the wrong boat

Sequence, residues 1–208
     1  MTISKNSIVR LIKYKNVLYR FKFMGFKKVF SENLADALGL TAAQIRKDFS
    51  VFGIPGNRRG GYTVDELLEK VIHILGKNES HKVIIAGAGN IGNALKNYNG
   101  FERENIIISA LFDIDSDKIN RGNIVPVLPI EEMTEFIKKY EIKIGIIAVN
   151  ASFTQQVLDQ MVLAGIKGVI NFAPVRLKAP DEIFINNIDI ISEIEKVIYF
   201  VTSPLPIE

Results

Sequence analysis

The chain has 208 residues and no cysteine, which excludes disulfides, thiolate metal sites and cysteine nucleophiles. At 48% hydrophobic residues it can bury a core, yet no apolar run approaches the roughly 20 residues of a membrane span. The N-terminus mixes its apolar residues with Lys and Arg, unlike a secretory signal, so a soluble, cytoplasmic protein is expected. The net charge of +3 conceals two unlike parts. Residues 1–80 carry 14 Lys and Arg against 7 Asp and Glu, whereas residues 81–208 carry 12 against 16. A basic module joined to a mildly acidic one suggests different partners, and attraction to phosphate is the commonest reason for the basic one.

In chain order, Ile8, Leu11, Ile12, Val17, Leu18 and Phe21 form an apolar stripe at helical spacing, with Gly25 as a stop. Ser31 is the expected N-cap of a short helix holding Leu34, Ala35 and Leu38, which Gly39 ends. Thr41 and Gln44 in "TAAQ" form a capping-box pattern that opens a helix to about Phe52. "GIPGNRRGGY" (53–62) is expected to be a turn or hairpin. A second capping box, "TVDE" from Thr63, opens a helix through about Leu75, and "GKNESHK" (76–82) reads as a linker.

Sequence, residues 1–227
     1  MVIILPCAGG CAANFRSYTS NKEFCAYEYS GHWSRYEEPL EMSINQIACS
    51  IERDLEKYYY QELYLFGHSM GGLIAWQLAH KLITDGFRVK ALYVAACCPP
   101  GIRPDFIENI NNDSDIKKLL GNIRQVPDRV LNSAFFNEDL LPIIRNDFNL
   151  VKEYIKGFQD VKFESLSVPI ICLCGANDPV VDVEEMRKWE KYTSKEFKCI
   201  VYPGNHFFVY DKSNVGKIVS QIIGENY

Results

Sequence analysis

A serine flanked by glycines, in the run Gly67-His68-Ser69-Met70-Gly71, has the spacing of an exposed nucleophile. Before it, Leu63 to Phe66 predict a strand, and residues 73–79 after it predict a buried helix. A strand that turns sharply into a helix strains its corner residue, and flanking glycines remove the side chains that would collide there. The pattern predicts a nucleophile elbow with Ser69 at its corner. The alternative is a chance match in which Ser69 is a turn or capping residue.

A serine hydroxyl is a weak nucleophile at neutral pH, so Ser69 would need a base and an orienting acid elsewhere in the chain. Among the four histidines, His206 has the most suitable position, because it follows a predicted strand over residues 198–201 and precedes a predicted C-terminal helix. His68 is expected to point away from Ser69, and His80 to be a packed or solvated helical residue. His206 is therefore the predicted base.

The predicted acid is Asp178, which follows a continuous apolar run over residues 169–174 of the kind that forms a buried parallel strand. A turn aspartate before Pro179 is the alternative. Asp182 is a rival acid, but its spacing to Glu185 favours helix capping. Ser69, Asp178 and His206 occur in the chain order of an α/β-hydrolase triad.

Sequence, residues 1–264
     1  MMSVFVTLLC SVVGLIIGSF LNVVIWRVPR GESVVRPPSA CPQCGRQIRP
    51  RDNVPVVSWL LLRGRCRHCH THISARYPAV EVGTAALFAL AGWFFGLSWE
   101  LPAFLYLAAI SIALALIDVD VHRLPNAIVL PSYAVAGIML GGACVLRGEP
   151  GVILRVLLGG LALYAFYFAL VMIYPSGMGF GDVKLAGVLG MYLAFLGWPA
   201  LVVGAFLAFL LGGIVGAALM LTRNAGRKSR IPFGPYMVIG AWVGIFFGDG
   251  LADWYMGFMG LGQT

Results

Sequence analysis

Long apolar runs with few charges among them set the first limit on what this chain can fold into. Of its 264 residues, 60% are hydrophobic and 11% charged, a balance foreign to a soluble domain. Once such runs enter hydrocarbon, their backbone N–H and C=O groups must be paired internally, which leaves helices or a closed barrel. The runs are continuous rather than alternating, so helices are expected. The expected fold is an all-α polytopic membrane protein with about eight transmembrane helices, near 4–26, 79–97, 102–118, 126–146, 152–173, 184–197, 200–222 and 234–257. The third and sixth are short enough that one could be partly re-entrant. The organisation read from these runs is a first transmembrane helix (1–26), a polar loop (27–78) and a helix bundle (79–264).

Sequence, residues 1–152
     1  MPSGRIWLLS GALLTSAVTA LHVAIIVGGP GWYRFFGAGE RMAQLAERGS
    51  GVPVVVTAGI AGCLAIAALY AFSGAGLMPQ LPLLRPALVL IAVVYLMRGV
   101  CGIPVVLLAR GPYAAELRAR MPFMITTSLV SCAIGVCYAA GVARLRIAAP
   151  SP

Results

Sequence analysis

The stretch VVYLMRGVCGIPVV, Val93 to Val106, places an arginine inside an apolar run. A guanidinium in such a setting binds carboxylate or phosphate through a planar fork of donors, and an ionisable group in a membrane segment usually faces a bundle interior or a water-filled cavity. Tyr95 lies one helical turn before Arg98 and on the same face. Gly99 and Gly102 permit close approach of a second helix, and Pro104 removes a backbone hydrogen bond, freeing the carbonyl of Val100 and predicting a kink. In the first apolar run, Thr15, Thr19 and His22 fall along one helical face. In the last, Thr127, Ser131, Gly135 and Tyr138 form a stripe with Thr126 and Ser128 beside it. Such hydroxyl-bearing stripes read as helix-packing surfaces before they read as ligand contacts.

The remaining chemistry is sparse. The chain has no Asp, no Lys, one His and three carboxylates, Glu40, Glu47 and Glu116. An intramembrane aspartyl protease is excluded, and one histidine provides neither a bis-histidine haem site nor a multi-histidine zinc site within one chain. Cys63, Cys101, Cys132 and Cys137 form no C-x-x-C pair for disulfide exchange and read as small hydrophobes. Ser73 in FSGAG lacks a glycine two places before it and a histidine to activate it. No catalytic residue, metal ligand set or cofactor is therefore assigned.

THIS STARTED WHEN Erland and I were cycling in Norway. We were traveling around and eventually arrived to the M-Fjörd, which had on one side a long, picturesque view of the sea through rings and rings of old pines. I could even draw you a map of the place if you would ever like to go there. We traveled down a gravel road through the pine forest and arrived at what looked like a botanical garden and museum. It might have belonged to some old philanthropist at some point. The kind of place that had been gifted to the state upon his death. Within this old estate, we encountered a red crow with a broken wing that was sprawled across an ancient sun dial. It could no longer fly but it continued to struggle with its wing. Later, we went into the back building and down a set of wooden steps. This led to a dockside bar. There were a lot of young couples sitting around drinking Guinness or glasses of white wine. The place had a New England feel to it, with platters of fried clams on plates with lemon wedges. Suddenly, the whole bar began to rumble and the man at the bar, a younger fellow with dark hair, informed us that we were no longer at the museum, but were actually on a seagoing vessel bound for the east coast of the Americas. Soon we had left the harbor behind and were out on the open sea, somewhere up in the North Atlantic between Iceland and Norway. Dozens of vessels came through the sea, mostly warships bound for Russia. I was surprised the news had not informed me of this fleet bearing down on Arkhangelsk. There weren’t only American ships. There were Canadian vessels too, and I spotted a few with Scandinavian flags. I went to use the restroom in the boat bar, which was located in a ship’s cabin, and saw on the wall a faded map of Orient Point, Long Island. Was this ship really going to sail all the way to Orient? Erland came into the cabin and said, “You have to get out quick. We’ve been torpedoed. The ship is taking on water!” I looked down and saw that my ankles were already wet and I climbed the steps. We both jumped off into the sea as the boat sank. We were soon rescued by a Swedish vessel passing by, and returned safely to Europe.

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